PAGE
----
10. The method of claim 1, wherein at least one of the one or more activities is associated with the day-to-day activities and the discerned information comprises: an indication of whether one or more chores has been completed, tardiness of an individual, the consumption of undesirable substances, medical diagnosis, or a combination thereof.
11. The method of claim 10, where in the medical diagnosis relates to an increased probability of Alzheimer's disease based upon an individual's movement patterns.
12. The method of claim 10, where in the medical diagnosis relates to acquisition of a cold, influenza, or both, based upon audible or visual patterns indicating coughing, sniffing, sneezing, or any combination thereof.
13. A system, comprising:
a device disposed in a household environment, configured to monitor one or more activities associated with: a household, an individual within the household, a situation within the household, day-to-day activities within the household, or a combination thereof; and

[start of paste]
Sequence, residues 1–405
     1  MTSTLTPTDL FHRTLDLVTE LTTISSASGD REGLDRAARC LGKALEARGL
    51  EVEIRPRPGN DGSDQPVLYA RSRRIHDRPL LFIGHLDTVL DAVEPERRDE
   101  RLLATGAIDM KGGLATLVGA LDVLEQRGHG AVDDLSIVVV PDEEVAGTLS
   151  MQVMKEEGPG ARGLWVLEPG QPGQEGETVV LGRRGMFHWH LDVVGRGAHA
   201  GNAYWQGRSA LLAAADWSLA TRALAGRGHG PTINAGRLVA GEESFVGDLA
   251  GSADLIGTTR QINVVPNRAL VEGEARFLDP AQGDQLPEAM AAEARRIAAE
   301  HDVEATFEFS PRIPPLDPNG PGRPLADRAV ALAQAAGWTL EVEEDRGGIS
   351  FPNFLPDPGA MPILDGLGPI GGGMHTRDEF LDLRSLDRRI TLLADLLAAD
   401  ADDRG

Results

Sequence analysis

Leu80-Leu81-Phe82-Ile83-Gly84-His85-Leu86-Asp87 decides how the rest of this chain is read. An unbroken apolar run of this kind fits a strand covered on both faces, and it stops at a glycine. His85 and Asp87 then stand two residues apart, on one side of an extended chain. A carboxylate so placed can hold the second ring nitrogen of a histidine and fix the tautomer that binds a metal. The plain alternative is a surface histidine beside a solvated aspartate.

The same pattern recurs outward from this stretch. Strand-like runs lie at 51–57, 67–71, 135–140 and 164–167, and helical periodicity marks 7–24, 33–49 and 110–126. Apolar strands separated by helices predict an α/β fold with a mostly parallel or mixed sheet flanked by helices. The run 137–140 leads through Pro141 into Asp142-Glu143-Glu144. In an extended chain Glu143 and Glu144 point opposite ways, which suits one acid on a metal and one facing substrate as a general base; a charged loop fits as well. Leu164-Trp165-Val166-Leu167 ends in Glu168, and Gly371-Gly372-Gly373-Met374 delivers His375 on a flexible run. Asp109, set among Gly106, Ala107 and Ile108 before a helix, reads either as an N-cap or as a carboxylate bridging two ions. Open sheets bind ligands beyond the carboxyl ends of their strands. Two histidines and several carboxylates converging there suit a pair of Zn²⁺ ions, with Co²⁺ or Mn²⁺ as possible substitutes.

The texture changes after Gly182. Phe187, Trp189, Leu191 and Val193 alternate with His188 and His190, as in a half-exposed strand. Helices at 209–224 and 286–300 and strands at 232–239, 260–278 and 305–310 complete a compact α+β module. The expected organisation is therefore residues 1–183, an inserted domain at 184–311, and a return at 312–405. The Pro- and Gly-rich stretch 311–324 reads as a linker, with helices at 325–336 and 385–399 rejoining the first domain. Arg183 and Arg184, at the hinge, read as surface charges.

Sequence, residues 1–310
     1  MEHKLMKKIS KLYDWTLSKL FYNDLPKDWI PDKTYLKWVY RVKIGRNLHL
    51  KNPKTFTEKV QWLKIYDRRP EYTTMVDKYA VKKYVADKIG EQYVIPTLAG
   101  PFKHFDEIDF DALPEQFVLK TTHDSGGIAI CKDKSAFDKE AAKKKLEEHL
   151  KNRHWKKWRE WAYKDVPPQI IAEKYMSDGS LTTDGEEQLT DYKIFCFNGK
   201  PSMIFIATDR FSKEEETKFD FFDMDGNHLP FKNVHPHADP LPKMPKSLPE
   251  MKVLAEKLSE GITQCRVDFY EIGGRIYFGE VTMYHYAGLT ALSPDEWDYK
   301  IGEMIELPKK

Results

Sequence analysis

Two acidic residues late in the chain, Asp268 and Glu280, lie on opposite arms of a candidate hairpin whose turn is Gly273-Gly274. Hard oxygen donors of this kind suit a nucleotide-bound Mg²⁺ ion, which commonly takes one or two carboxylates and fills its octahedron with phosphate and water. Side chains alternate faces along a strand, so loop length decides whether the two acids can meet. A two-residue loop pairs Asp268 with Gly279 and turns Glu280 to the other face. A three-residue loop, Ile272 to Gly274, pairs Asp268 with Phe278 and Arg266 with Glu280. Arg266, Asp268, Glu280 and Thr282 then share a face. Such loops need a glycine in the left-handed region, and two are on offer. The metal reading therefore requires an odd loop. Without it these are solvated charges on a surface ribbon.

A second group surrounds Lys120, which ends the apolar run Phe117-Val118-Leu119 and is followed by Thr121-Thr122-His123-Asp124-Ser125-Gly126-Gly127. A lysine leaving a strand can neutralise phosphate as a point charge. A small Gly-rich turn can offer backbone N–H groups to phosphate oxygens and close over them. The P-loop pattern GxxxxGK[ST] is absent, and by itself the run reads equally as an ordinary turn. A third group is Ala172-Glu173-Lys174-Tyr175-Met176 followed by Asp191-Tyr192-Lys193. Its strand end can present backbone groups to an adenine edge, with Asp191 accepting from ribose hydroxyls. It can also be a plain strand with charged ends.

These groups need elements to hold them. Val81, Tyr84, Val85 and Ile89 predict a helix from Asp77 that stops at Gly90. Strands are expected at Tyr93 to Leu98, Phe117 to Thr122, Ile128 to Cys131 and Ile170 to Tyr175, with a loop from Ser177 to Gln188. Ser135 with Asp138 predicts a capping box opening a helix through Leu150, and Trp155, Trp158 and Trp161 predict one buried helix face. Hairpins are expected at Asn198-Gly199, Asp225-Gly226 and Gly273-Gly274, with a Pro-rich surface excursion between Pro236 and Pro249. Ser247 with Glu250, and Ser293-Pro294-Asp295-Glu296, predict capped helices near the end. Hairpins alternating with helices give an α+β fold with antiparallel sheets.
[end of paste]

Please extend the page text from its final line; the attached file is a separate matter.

a processor configured to:
analyze at least one characteristic of the one or more activities to discern information about the household, the individual, the situation, the typical activities, or a combination thereof; and
report the discerned information.
14. The system of claim 13, wherein the device is configured to monitor an eating area and the processor is configured to discern and report how often the household eats meals together based upon the device's monitoring.
15. The system of claim 13, wherein the device is configured to monitor television usage and the processor is configured to discern and report television viewing patterns related to an amount of time spent watching television as individuals and time spent watching television as a household.
16. The system of claim 13, wherein the device is configured to monitor television usage and the processor is configured to discern and report television viewing patterns related to television watching characteristics when non-parental supervision is present.